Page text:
This page contains a Flash digital edition of a book. Managing & Maintaining our water channels Stabilising eroding spoil

Reconstruction of water courses in post-industrial Britain often requires stabilisation of soil in locations where storm events can cause significant damage. For example, in South Wales, old mineral spoil dumped at the bottom of small river valleys has frequently been swept away in spates with a heavy environmental impact down stream.

Calverton post installation permanently reinforced vegetative channel

The site engineer had favoured replacing the original bank with rock filled gabions, an expensive and low sustainability option which did nothing for aesthetics of the area.

Salix proposed a value engineered solution which used a combination of elements to achieve a natural appearance while the fully established vegetated banks which would easily withstand bank high flood erosion. The banks were covered with Tensar Vmax turf reinforcement matting over seeded topsoil. The erosion control matting was anchored in a trench at the top of the bank, while at the toe it was anchored with a pre-established vegetated coir roll and a rock roll staked into the river bed below the average water level.

As well as the rapid installation, there was less disruption of the gardens by this method than using gabions, and the aesthetics and sustainability met local planning requirements. The new vegetation also reduced sediment from surface water running off the gardens behind the bank.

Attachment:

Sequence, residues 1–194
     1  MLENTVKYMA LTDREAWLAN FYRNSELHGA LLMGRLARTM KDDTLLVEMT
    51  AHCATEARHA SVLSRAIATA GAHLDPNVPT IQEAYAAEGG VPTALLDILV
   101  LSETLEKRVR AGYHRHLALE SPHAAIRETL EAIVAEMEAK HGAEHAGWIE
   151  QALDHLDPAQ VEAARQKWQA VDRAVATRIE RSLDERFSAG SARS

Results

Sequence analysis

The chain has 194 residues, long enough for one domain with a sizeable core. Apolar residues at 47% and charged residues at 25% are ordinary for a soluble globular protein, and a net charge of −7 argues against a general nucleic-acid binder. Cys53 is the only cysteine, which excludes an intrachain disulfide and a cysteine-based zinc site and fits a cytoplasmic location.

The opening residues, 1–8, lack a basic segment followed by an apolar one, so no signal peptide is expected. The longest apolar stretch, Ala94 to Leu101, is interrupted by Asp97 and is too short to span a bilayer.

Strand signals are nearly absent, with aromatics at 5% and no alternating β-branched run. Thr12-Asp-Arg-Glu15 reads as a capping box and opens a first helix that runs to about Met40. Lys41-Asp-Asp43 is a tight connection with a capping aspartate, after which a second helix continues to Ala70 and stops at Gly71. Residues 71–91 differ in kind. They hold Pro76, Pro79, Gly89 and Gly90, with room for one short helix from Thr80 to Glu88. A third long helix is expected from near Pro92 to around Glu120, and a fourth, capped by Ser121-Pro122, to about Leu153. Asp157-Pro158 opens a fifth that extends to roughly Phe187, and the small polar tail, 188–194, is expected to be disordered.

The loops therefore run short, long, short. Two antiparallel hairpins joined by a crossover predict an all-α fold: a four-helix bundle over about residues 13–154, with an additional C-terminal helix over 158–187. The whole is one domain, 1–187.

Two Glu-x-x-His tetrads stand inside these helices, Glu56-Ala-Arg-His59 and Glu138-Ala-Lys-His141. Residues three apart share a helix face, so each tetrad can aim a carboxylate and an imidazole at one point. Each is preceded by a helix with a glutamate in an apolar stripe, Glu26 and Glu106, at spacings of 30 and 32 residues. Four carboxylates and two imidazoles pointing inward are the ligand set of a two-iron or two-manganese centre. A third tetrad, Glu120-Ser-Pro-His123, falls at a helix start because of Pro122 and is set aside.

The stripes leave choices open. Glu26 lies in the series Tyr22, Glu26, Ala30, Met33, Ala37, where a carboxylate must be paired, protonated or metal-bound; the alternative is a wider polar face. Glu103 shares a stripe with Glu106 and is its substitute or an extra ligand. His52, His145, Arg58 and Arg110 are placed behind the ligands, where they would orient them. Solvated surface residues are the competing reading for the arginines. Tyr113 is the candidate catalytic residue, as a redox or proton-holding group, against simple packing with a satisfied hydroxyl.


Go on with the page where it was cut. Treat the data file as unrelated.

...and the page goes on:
When on the River Ebbw, initial proposals for stabilising 1500 metres of loose colliery shale river bank featured heavy blockstone armouring, engineers sought more cost-effective bio-engineered alternatives. As well as economic advantages offered, two criteria were imposed by the consultants: that any solution had to enhance the location’s landscape aesthetics, and the design had to demonstrate its stability under the expected water velocities of 4.2m/sec for a 1:100 year storm event.

The adopted solution used Tensar Vmax matting over the steep 1 in 1.5 slopes, with a length of up to 13 metres and a water depth of up to 4 metres. The slopes were prepared with preseeded and fertilised topsoil to ensure rapid vegetation establishment; erosion protection from the day of installation was provided by pinning back the matting into the slope at 0.5m intervals.

The key area at the toe of the slope was protected by rock roll trenched into the river bed and staked; next, live willow bundles (fascines) secured the wet margins next to the bank. Rapid growth of the willow ensured mitigation of the scour effects of water at these margins, while grass germination of the slopes occurred within a week and established full cover to the bank before the end of the summer.

“The value of this approach becomes more and more evident with time,” concludes David. “Five years after the project was completed, this is now a valued riverside landscape by the side of a popular sewin (sea trout) fishery, and the banks prevent the colliery residues threatening the river environment down stream.”



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